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Neverending Story pattern: School District ERP system late, over-budget

November 14, 2018

A story a few days ago caught my eye, not because it was unusual, but because it follows so familiar a pattern. Here are a few excerpts from the article:

MANATEE — Late nights, hefty contracts and humming computers are a norm in the district’s School Support Center, where employees are working to fix a troubled software project.

The project started with an estimated cost of $9.8 million in 2016. A recent estimate places the cost at more than $27 million, and the true price tag is becoming more evident each week. …

Meanwhile, a team is still dealing with approximately 11,000 errors found in Ciber’s state reporting module. Fixing the software is a top priority, because accurate reports are key to receiving tens of millions of dollars in state funding. …

In 2016, the board contracted with Agitech Solutions for a price not to exceed $200,000 per year. Agitech maintains the ERP software, installs needed upgrades and monitors performance.

The board increased its maximum spending from $200,000 to $395,000 last April, bringing system testing, development and customization into Agitech’s scope.

The two-year agreement came to an end, and the school board renewed its contract with Agitech on Aug. 28. On Tuesday, the board will decide whether to increase authorized spending from $395,000 per year to $850,000 per year. …

It seems the rising costs are a symptom of poor management, misconduct and bad luck over the last several years. A bankruptcy impacted Ciber in 2017, adding to rampant turnover among the project team.

The program grew far beyond its original scope, and the district failed to back its project with enough resources, according to past reports from the internal auditor. …

Now, this is a newspaper article based on what the reporter (Giuseppe Sabella) was able to glean through hearings and interviews. Having reviewed dozens of such projects, I know there are a lot more details buried in emails, memos, and status reports. Still, here are some things that leap out at me:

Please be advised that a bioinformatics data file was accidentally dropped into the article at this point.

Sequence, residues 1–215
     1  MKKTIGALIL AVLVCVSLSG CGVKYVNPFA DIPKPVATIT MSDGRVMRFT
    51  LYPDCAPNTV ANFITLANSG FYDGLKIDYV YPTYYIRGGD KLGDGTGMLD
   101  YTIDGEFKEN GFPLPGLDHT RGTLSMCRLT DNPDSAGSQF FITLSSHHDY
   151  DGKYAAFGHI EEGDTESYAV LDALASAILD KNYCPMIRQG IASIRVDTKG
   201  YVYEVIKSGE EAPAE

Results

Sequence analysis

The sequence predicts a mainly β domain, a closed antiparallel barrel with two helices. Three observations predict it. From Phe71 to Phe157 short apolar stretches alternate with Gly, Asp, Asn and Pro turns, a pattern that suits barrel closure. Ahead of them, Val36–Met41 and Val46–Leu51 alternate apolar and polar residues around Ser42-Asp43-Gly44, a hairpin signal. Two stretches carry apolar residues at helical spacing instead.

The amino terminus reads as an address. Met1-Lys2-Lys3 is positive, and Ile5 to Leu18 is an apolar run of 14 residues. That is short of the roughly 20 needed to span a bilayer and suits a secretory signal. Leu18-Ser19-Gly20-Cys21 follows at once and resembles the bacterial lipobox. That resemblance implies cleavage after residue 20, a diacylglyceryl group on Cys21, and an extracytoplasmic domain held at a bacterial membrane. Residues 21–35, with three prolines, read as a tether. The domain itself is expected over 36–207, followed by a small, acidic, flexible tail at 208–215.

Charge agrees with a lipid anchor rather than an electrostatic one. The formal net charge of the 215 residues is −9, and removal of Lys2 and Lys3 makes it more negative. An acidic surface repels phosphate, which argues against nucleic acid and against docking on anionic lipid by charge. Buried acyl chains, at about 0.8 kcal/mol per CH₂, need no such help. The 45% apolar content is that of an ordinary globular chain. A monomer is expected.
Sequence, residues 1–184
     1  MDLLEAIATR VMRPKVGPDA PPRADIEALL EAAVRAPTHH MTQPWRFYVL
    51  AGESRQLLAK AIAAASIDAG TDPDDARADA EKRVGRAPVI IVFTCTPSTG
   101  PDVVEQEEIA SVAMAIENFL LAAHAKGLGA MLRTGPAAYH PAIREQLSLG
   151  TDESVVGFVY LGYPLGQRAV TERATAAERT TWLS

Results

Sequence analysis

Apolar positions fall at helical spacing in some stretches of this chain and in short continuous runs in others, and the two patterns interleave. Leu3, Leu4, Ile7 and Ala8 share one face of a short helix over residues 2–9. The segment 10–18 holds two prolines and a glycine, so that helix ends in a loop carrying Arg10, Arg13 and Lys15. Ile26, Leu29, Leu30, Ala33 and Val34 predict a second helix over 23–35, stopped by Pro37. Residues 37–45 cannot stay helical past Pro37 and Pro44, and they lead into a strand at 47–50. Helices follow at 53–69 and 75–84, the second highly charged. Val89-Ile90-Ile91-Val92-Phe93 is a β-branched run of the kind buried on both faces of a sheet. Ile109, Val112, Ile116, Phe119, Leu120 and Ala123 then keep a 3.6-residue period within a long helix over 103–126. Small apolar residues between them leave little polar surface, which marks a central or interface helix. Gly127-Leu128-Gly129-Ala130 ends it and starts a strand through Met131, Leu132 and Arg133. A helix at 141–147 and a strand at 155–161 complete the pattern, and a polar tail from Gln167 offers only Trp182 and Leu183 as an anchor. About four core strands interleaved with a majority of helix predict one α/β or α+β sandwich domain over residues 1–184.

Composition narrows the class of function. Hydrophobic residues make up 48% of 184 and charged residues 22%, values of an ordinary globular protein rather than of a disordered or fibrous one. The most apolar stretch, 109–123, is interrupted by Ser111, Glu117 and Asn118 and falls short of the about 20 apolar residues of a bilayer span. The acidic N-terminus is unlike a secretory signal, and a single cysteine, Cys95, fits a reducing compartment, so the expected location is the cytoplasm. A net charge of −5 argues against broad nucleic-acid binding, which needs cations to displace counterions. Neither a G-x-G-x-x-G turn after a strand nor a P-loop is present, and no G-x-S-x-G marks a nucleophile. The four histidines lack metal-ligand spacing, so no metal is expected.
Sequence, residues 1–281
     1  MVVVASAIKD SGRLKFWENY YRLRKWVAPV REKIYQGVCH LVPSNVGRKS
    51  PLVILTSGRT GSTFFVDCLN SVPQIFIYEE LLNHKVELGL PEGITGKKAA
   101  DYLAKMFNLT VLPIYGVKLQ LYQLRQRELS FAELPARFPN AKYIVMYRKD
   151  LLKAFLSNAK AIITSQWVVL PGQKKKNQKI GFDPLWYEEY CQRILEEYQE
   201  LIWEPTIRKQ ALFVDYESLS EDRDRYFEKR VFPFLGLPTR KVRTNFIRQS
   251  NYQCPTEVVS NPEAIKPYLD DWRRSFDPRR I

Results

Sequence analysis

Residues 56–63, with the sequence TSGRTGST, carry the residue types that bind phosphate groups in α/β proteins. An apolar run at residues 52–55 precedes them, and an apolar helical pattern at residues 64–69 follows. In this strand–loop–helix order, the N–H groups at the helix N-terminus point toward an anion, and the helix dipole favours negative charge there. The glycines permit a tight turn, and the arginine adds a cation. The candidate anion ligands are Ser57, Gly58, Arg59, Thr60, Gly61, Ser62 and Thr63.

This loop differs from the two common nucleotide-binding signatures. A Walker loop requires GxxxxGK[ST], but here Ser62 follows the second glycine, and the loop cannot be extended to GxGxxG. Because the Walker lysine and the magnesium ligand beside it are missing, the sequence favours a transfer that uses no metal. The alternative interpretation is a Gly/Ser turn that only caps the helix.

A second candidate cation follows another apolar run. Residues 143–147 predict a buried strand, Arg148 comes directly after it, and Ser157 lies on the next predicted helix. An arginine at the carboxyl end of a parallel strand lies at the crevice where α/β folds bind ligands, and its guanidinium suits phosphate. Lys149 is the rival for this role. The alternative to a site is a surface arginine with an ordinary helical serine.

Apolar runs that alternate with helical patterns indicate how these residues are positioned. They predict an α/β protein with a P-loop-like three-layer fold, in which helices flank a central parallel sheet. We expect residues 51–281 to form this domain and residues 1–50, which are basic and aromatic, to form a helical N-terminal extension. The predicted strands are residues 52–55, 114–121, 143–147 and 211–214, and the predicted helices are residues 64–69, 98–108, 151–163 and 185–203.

• The estimated cost tripled in less than two years. And we’re not talking about going from $100K to $300K; we’re talking about going from $10M to $30M. There was some serious, serious lack of sufficient analysis at the start of this project. (“In creating a new software program, all the important mistakes are made the first day.” – Spinrad)
  • It’s unclear from the report how the project schedule has changed over time, but I’m willing to bet there’s a rough correspondence between the cost increase and the schedule increase.
  • The article makes it sound as though the problems are being solved by adding some (10) people and working some late nights. No, that’s not going to have a noticeable impact on the overall schedule of a project that has added $20M to its estimated cost.

As the title notes, this sounds like a situation trending towards the “Neverending Story” pattern in failed IT projects, from my 2000 PwC white paper:

The client contracts with the manufacturer to develop and install a system. The project starts. The completion date slips. It keeps slipping. Each time the adjusted delivery date approaches, the project slips yet again. At some point, one of three things happens: the manufacturer/vendor abandons the project; the client cancels the project; or the manufacturer delivers a system that the client terms wholly inadequate and unacceptable. In some cases, the effort has gone on for years, with millions of dollars spent and little to show for it.

Hopefully, the Manatee School Board can pull this out of the fire.

About the Author:

Webster is Principal and Founder at at Bruce F. Webster & Associates, as well as an Adjunct Professor for the BYU Computer Science Department. He works with organizations to help them with troubled or failed information technology (IT) projects. He has also worked in several dozen legal cases as a consultant and as a testifying expert, both in the United States and Japan. He can be reached at 303.502.4141 or at

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